Pandemics in human history often result in untold and sometimes unprecedented problems that require the expertise of great thinkers to solve. For researchers, every situation is an opportunity to improve the lives of others, and they never give up on their quest to discover the “what,” the “when,” the “who,” and “how” to do so. It is imperative that researchers from a variety of disciplines come up with new ways to look at the current outbreak and provide urgent solutions to its associated challenges that threaten human survival.
Health and allied scientists have been investigating the causes, transmission, pathophysiological mechanisms, histopathological manifestations, clinical assessment and management, and diagnostics of the COVID-19 virus since its global spread was first reported in the wake of the global pandemic. There is a strong Asian presence in this field of study, particularly in China, where the outbreak began. This group of dedicated researchers never slowed down in their search for medical solutions to the virus. Despite the dangers of their work and the deaths of some of their colleagues, these remarkable scientists persisted in their quest. When a pandemic strikes, researchers must continue to search for ways to alleviate the suffering of their fellow human beings. However, there is still a lot of work to be done by their international colleagues. This new coronavirus needs to be studied by medical researchers in different parts of the world. Many other medical researchers are working feverishly to learn everything they can about the coronavirus, to come up with preventive measures, and most importantly, to discover a medical cure and vaccine to eradicate it completely. For example, herbal practitioners are experimenting with ways to use herbal extracts in the production of medicines that can boost the immune system and/or provide a strong immune buffer to fight the coronavirus while medical scientists search through the lens of orthodox medicine. You should be proud of what you’re doing. COVID-19 patient testing, contact tracing, and precautionary/preventative measures for the coronavirus need to be improved, according to a new report.
Engineers in the fields of Computer and Mechanical Engineering are working on new technologies to help stop the spread of COVID-19. The use of drones and robocops to enforce lockdowns has been developed and implemented in some countries. Apps for tracing COVID-19 patients and those who’ve had contact with them are also being developed using mobile technologies, such as the development of new apps. One such example is a system being developed by MIT researchers that uses short-range Bluetooth signals from smartphones to augment public health workers’ manual contact tracing. People are being tested and tracked with the COVID-19 in hard-to-reach areas in South Africa thanks to ambulances equipped with automated test kits and laboratory services developed as a result of diligent research efforts. Those infected with the COVID-19 virus or those who have had contact with carriers can now be tracked down using an app developed by the Ghanaian Ministry of Health. Some mechanical engineers, as well as computer hardware and software engineers, have developed new technologies that are being used in the fight against COVID-19. The coronavirus is still a threat, and researchers in the field of engineering are constantly looking into new ways to combat it.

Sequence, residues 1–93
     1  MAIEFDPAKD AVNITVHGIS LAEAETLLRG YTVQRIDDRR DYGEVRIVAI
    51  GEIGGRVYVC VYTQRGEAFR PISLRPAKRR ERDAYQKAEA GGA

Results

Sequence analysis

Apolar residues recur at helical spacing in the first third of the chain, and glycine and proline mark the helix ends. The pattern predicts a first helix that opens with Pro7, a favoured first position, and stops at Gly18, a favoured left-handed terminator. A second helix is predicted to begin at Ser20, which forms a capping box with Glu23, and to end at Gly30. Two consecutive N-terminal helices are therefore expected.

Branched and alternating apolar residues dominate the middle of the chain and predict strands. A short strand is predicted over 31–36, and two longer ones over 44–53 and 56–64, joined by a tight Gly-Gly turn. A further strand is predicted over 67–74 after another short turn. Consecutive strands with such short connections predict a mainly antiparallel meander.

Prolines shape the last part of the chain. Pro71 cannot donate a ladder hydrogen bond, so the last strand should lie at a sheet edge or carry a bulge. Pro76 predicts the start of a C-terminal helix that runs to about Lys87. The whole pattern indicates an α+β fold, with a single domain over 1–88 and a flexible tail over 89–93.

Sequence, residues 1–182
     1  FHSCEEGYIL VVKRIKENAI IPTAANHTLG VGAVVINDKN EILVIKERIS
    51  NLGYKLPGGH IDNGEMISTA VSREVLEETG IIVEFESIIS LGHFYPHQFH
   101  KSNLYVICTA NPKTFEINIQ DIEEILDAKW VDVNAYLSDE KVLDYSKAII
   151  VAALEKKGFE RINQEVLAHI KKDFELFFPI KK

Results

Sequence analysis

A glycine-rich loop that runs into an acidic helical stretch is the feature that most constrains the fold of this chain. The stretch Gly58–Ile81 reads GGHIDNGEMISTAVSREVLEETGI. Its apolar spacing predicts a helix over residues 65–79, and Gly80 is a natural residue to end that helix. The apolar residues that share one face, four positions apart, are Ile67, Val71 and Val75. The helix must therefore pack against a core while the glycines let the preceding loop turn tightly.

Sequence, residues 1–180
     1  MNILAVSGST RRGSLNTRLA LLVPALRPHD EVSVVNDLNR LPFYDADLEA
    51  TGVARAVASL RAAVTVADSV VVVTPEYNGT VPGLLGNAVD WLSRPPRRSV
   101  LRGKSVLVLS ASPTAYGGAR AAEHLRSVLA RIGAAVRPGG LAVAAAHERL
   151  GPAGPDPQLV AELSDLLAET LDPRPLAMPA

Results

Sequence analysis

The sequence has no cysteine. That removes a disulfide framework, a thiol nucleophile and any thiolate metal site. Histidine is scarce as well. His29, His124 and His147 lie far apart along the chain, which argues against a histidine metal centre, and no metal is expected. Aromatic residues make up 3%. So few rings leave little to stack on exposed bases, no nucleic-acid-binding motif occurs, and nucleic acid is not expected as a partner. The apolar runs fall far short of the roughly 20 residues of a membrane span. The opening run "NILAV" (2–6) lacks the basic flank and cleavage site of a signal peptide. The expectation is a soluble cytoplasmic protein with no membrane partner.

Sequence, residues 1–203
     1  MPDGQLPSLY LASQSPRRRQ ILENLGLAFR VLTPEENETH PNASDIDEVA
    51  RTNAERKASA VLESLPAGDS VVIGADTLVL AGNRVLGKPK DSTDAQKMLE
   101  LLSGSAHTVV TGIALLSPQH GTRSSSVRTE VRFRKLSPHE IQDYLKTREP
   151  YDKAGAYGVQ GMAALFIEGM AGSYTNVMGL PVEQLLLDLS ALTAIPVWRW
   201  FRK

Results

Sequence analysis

Agricultural researchers are in for a lot of hard work. As a result of the ban, countries have suffered significant post-harvest losses. How can post-harvest losses be minimised during times of pandemic and lockdown? Farmers who want to avoid significant financial losses should consider utilising online marketing strategies and platforms to build relationships with customers and increase sales of their products. When it comes to helping these poor farmers deal with the lockdown crisis, what can the Ministry of Food and Agriculture do? In order to make non-perishable products from perishable farm produce, what are some of the most efficient methods? During this pandemic outbreak, agriculturalists should investigate these excellent themes. Sadly, no research has yet been done in these areas.
The COVID-19 pandemic has had a significant impact on the tourism and hospitality industry. Due to travel restrictions and lockdowns, many scheduled tours and tourist activities have been cancelled. It is estimated that the global tourism industry will lose close to two billion dollars in revenue. When it comes to promoting these tourist destinations, researchers in the field of tourism and hospitality management may want to look into the use of virtual marketing methods. Developing countries have not given much attention to this new and rapidly expanding field of tourism. We need to find ways to raise public awareness of smart tourism and e-tourism during this pandemic period.”